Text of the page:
Paper Session: Religion, Culture, and Social Sciences Paper Session 1

Thursday, Oct 19 – 4:00-5:00pm

Creating Compliance: Using Games to Engage Patients in Medical Management 

by Kristel Clayville

This presentation offers a method for increasing compliance among transplant patients. The recommendations presented are from non-medical clinical observation from a chaplain who deals with the day-to-day coping skills of transplant patients. The case studied focuses on the emotional aspects of compliance, and the attendant interpretation and recommendations focus on the social, emotional, and spiritual aspects of dealing with the existential difficulties of undergoing a solid organ transplant. Ultimately, the recommendations are for presenting medical compliance as a game that patients play rather than as a set of medical practices that sustain life. Thinking in terms of games not only helps the patient’s motivation, but it also offers the family and support network a language with which to engage the patient and help with the practices of compliance.

The Ethics of Influence: Celebrity Physicians and Social Media 

by Patrick Herron

Growth of social media has not only changed how individuals interact socially, but in how we engage with professionals too. Recognition of a physician’s social media “influence” is based on her/his ability to affect other people’s thinking. The greater the influence, the more appeal that individual has to companies or other individuals who might want to promote an idea or sell a product. Celebrity actors/athletes are often seen as prime influencers with regards to advertising campaigns, (i.e. “Got milk?” and “Milk: it does a body good”) to increase sales.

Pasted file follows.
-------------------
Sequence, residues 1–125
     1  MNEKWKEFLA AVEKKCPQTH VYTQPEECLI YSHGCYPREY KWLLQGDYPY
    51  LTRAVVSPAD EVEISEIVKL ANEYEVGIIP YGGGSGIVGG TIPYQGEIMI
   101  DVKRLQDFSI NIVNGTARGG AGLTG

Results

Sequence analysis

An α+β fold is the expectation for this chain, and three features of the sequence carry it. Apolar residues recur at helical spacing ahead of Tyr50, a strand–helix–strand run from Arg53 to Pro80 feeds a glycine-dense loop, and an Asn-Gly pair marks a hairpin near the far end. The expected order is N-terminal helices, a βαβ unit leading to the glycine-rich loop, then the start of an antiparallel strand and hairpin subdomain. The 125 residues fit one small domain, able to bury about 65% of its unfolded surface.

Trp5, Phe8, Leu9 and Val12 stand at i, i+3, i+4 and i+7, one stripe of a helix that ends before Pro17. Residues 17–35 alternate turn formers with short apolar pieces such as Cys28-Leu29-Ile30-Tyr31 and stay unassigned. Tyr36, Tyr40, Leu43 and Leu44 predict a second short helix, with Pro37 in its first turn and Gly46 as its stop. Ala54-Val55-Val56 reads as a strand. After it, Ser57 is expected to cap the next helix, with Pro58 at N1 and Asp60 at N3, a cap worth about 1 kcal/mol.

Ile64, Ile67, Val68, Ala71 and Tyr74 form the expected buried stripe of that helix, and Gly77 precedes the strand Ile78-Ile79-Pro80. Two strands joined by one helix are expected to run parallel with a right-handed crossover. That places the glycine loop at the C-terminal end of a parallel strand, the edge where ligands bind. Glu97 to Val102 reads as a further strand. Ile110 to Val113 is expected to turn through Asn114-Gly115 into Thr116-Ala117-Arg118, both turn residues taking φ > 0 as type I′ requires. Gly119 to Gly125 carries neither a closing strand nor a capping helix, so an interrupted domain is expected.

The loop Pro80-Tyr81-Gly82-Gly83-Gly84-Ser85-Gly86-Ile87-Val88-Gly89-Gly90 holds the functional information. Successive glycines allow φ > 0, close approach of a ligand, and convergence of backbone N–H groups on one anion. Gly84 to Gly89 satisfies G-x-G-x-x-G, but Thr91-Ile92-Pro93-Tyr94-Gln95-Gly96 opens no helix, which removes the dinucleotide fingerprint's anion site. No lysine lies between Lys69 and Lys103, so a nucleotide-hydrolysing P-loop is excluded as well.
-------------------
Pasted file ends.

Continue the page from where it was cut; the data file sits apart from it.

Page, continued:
Celebrity physicians such as Dr. Mehmet Oz have used influence to promote health products and interventions, which raised considerable debate as to whether there were lapses in ethical and professional judgment. Not all physicians will have the platform of a Dr. Oz, but social media has created ample opportunities for many lesser known physicians and trainees to leverage their own professional expertise and growing social media prominence to become influencers. Such financial partnerships raise questions about conflicts of interest, professionalism and potential violations of an ethical duty of care.

The impact of social media on consumer healthcare decision making along with the dependence by consumers on their friends and families for healthcare product reviews (often shared via social media) has dramatically changed marketing. Consumer confidence and increased reliance on the opinions of physicians they follow via social media accounts can have a detrimental affect on the patient-physician relationship that consumers have with their actual health care provider.

Make Aging Great Again: Imagining a YUGE Lifespan

by Leah Fowler

The new era of longevity research seeks extended healthy life, with hoped-for interventions that would slow the aging process so that one year of clock time is matched by less than one year of biological time. Infirmities of old age would compress into a short period at the end of life—thereby increasing the ‘health span’. The benefit: living long and living well. Embedded in longevity discourse is humanity’s oldest and most pervasive wish: defying death. Slowing the process of aging, it is hoped, will lead to treatments to reverse it.